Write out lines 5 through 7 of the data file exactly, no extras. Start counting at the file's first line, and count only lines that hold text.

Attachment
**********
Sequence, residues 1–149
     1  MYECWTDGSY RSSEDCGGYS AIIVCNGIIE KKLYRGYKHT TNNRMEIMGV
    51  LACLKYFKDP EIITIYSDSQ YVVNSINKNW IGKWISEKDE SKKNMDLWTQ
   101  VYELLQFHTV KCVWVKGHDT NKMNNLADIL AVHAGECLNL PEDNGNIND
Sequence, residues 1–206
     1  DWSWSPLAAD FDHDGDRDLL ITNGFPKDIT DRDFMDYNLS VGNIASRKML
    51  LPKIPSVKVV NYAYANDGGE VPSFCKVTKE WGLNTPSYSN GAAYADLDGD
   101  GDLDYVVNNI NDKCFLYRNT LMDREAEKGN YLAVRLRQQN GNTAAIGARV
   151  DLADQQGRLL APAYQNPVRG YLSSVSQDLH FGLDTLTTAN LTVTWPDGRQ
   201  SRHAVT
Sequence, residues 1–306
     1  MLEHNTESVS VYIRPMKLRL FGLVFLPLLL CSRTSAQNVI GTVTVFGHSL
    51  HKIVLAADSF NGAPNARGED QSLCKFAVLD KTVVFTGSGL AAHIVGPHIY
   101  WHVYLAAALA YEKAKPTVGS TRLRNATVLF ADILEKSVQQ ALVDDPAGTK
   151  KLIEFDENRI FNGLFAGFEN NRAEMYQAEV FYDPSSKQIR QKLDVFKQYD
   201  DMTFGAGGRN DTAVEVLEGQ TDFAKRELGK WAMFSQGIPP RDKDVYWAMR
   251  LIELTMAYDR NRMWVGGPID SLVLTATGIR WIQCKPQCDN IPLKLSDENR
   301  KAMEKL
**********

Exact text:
Sequence, residues 1–206
     1  DWSWSPLAAD FDHDGDRDLL ITNGFPKDIT DRDFMDYNLS VGNIASRKML
    51  LPKIPSVKVV NYAYANDGGE VPSFCKVTKE WGLNTPSYSN GAAYADLDGD